Novak elaborates on what makes this current lineup of the band noteworthy.
“I’m super proud of the new lineup,” he says. “The second guitar widens the writing horizon, while Bill’s drumming adds finesse and power. Nick covers the low end and harmonies live. I’m still the constant on vocals and guitar, but it’s a whole new vibe with the new band.”
If “Atlantic” is any indication, Down to Six is now a band firing on all cylinders – and that’s totally by design. Novak says this is one of the biggest steps forward in the band’s four-plus years of activity.
“This record is the first time we really thought about putting something together that’s cohesive,” he admits. “It’s also the first time that we put real time into making a record that sounds impressive. In the past, we’ve done an EP or two that were recorded by friends or at small, low-budget studios, but this time around, we wanted something more. In past incarnations of the band, we were trying to figure out what we were or where we’re trying to go, but now we’re more focused.”
Novak and Down to Six are also out to have a little fun while flexing their creative muscles and continuing with their ear-pleasing display of nonconformity.
“I want to show people that it’s not rocket science to be in a band, and that you don’t have to fit a mold or follow the pack to make music,” he says. “Be creative, try something different, do what you love, and have fun with some friends. If you have a melody, write it; it’s all about vibes.”
Novak loves how the power of music can do everything from write away the past to tell a story to convey feelings that words alone simply can’t accomplish.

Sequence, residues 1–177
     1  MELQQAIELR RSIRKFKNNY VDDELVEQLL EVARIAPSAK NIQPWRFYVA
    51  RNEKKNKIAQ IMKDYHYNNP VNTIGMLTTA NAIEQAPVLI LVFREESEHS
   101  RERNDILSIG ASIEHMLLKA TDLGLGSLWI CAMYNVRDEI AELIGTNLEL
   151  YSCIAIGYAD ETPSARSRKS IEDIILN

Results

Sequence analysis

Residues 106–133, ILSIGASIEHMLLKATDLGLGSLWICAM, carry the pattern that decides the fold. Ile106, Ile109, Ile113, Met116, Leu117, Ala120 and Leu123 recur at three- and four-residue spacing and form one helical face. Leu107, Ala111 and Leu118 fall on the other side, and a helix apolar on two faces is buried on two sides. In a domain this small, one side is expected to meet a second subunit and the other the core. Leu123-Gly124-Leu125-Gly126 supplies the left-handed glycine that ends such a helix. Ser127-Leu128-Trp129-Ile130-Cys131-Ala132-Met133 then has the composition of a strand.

“It’s not about how much money you can make or how many likes you can get on your band page,” he feels. “Yeah, it’s fun and a great perk, but I think a lot of bands get lost in that. Do what you love first and foremost. When I write, I take a lot from what surrounds me: this area, the mindset, the yearning for something more, and the motivation to get out there and find it. Sometimes I write to put things to rest, sometimes I write to tell a story, and sometimes I write to feel at ease. But anything can be inspiring if it strikes you the right way.”
We know what to expect from the band on record, but what about the live stage?
“Live, we still keep the dynamic of previous lineups, but with a much more levelheaded demeanor,” Novak answers. “Sometimes, I get awkward and crack bad dad jokes, but mostly we just play loud and can’t get enough of it. There’s nothing that makes me feel more alive than playing with this band.”
With the release of “Atlantic,” Down to Six is chomping at the bit to hit that stage hard.
“I’ve been waiting for this record release show since August,” reveals Novak. “It’s always in the back of my mind. I just seriously can’t wait to play a show with some super close friends in bands that we’ve known since the earliest shows and put our hearts into it.”
The band is also looking for that next memorable gig, as they’ve already got a few under their belt.
“We got to open for the River City Rebels once, who were one of my favorite bands to catch growing up,” Novak lists when posed with the question of favorite gigs thus far. “We also broke up the band for the first time officially mid-set at a Culture Shock gig. It might have been the biggest ‘Replacements’ moment we’ve ever had as a band!”
The wild ride that Down to Six has endured over the last half-decade is something that, seemingly, Novak wouldn’t trade for anything.
“Although we’ve had plenty of ups and downs, I’m proud of what this band is growing into,” he happily tells. “We have a group of people who keep us going and friends that we could never live without. If I knew where we would be as a band today when we first played a show back in 2010, I wouldn’t believe it. We’ve been through some crazy times, but that’s what keeps you on your toes and always growing.
“I know the lineup now is the lineup and can’t wait to see the ride it takes us on. No matter how close or far.”
Photos of John Novak by Michelle Beck/Allegro Photo
Mark is a NEPA-based freelance music journalist and live music junkie, living vicariously through the artists he covers.